Telluride at Dartmouth features six films before release dates
Each year, Telluride at Dartmouth brings hand-selected films from the famous Colorado’s Telluride Film Festival to Hanover. This year’s Telluride at Dartmouth kicked off on Sept. 15 with a screening of “The Shape of Water” and ends tonight with acclaimed drama “Film Stars Don’t Die in Liverpool.”
According to Hopkins Center for the Arts acting director of film Sydney Stowe, Telluride at Dartmouth was founded 32 years ago by former director of film Bill Pence, who retired last spring. Stowe and Pence currently work together to choose what six movies will come to Dartmouth.
Dartmouth is the only college that has a connection with Telluride of this kind, Dartmouth Film Society co-director and film office intern Jordyn Fitch ’20 said; it is a special opportunity to see critically acclaimed films months before their commercial release, if there is one.
Though the Telluride festival tends to screen more independent films, its repertoire ranges from commercial and conventional films to independent and niche ones, Stowe said. An important criterion for choosing the films to be shown at Dartmouth is balance.
“The Shape of Water” and “Downsizing,” both shown last week along with “Hostiles,” are commercial films that were chosen in part because they were predicted to have a great appeal to audiences.
In Guillermo del Toro’s “The Shape of Water” Sally Hawkins plays a mute woman working in a government lab. She forms a deep connection with a merman-like creature captured from the Amazon, and they learn to communicate when she teaches him sign language. Tension rises throughout the film as the creature’s future safety becomes increasingly uncertain.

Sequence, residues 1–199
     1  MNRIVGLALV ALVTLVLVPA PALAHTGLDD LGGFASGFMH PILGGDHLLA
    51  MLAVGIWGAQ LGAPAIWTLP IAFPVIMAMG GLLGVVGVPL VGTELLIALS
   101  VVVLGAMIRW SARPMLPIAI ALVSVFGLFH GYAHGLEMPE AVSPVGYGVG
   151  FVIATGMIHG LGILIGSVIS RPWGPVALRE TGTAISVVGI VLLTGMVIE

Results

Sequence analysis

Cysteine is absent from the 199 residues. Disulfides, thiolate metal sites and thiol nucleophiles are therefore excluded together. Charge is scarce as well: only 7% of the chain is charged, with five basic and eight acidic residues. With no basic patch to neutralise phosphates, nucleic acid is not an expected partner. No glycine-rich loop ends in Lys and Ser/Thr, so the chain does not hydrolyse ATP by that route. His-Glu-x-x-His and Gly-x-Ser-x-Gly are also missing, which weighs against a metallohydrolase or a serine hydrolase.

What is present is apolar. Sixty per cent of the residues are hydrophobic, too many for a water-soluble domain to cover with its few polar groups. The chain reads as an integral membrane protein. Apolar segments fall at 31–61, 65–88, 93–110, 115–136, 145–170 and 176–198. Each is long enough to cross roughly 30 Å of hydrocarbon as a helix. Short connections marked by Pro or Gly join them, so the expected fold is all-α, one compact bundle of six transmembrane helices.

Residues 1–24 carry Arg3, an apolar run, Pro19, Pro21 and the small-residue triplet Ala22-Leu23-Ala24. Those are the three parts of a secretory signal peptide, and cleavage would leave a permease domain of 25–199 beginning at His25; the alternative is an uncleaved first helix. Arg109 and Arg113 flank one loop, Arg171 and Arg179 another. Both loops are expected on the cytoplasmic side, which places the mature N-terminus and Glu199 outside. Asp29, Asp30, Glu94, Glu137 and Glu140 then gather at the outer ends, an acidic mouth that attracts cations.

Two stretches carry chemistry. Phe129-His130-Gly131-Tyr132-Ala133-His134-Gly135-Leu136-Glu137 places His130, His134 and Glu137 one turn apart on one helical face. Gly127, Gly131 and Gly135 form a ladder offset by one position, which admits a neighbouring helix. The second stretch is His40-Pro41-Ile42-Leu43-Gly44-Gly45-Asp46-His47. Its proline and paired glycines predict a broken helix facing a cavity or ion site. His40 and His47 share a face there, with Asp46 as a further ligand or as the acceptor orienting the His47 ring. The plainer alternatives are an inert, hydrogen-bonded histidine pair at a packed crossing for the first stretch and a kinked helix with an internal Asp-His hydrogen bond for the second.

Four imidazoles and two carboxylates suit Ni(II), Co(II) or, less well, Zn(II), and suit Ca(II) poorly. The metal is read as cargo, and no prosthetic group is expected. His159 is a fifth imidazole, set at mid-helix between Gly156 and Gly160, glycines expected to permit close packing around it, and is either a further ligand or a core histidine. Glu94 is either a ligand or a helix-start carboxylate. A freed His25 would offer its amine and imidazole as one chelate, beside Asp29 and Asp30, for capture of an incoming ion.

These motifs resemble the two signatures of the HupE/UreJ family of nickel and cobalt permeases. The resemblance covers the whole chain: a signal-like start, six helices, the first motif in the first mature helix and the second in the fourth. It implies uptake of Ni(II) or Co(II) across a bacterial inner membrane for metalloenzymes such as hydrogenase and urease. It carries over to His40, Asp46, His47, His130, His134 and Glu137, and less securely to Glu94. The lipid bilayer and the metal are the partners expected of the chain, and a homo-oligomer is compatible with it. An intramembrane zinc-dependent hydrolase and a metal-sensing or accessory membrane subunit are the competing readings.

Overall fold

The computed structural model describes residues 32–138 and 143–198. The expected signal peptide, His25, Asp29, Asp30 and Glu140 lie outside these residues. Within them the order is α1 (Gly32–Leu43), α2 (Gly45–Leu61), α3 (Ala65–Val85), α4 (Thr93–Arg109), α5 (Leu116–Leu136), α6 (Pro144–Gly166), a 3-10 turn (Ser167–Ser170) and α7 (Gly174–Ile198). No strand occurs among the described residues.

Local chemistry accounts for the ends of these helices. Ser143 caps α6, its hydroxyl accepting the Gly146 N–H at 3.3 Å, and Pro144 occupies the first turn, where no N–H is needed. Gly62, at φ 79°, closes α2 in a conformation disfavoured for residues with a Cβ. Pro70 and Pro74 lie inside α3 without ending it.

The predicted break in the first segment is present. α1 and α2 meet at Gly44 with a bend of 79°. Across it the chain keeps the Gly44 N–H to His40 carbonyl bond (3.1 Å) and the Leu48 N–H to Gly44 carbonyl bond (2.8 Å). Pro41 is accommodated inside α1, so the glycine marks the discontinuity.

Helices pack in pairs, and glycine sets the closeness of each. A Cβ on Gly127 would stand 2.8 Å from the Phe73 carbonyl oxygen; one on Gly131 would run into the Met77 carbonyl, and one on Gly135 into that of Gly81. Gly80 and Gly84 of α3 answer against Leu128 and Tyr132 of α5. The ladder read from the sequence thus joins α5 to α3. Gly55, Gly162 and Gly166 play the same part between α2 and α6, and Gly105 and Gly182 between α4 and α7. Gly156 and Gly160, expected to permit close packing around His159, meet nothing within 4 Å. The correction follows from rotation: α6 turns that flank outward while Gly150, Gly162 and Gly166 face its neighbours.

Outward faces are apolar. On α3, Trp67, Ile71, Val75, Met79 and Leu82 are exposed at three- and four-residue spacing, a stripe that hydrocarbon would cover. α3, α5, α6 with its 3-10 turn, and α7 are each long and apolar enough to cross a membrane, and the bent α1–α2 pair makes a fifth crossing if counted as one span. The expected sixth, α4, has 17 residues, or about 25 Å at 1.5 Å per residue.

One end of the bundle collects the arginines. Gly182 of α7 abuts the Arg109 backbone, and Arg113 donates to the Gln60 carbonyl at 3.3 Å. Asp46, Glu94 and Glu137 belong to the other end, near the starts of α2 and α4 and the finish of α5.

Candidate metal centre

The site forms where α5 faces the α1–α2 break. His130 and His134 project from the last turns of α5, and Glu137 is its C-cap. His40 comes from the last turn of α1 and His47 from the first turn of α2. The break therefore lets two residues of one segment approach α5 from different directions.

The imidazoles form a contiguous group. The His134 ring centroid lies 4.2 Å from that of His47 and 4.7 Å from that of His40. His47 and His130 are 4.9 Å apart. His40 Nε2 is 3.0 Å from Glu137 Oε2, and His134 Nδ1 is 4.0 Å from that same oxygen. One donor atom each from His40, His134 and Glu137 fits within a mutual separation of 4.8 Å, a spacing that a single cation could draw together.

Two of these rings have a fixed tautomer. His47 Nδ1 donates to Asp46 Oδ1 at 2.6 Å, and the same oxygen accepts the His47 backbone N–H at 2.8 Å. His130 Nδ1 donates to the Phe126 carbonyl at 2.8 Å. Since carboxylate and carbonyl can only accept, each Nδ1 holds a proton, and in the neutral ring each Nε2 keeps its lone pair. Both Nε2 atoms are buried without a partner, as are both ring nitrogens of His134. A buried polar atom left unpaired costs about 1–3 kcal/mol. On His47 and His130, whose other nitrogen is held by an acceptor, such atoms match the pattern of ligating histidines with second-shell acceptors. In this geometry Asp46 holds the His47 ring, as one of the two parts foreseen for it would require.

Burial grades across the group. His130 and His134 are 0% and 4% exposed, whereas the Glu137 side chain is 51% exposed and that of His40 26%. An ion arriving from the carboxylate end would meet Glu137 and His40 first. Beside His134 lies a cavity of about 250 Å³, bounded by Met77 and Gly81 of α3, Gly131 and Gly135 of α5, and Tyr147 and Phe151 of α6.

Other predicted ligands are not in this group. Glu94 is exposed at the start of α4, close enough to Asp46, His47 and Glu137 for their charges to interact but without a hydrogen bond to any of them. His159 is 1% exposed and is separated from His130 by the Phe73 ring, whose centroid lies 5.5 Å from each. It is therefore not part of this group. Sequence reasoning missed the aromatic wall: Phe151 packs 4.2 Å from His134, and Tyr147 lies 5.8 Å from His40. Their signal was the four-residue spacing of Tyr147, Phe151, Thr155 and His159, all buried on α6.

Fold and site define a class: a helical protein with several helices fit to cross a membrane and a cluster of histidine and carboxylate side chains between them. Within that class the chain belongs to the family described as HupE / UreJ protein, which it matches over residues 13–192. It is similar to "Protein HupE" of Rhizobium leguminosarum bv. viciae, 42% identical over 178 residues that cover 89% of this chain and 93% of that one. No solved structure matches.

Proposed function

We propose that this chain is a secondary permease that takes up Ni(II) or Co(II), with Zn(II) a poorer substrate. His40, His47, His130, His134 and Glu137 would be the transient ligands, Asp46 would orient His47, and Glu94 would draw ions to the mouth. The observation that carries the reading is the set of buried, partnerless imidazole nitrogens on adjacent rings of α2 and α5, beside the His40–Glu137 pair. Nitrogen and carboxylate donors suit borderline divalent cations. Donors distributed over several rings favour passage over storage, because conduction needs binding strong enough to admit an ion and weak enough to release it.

“[Del Toro] has always been interested in monsters and what they say about us; it is the ‘Beauty and the Beast’ story,” Stowe said. “Everyone will go see ‘Beauty and the Beast,’ but they’re not sure about this one. I cannot recommend it enough.”
Fitch enjoyed “The Shape of Water” but did not think it “lived up to the hype,” especially compared to the director’s older work, which includes acclaimed films such as “Pan’s Labyrinth,” “Hellboy” and “Pacific Rim.”
“Hostiles,” Saturday night’s feature, was Fitch’s favorite film screened during the first week. In this adventure-drama film from director Scott Cooper, Christian Bale plays an army captain who comes into conflict with “hostiles” on the frontier as he accompanies a dying Cheyenne chief back to sacred lands.
“It was really well done,” Fitch said. “They’ve all been really good. I haven’t had any complaints.”
In the third film screened, Alexander Payne’s “Downsizing,” Matt Damon and Kristen Wiig play a couple who choose to “go small” in a universe where scientists shrink human beings to remedy overpopulation.
Christina Lu ’20, a member of the Dartmouth Film Society directorate, said “Downsizing” was her favorite film screened in the first week.
“It’s a really creative idea, excellent world building, and I think Hollywood films need a lot more of that, especially with how bad the summer has been for movies,” Lu said. “Telluride gives us the opportunity to see films at our school for a really discounted price and really acclaimed films months before they come out.”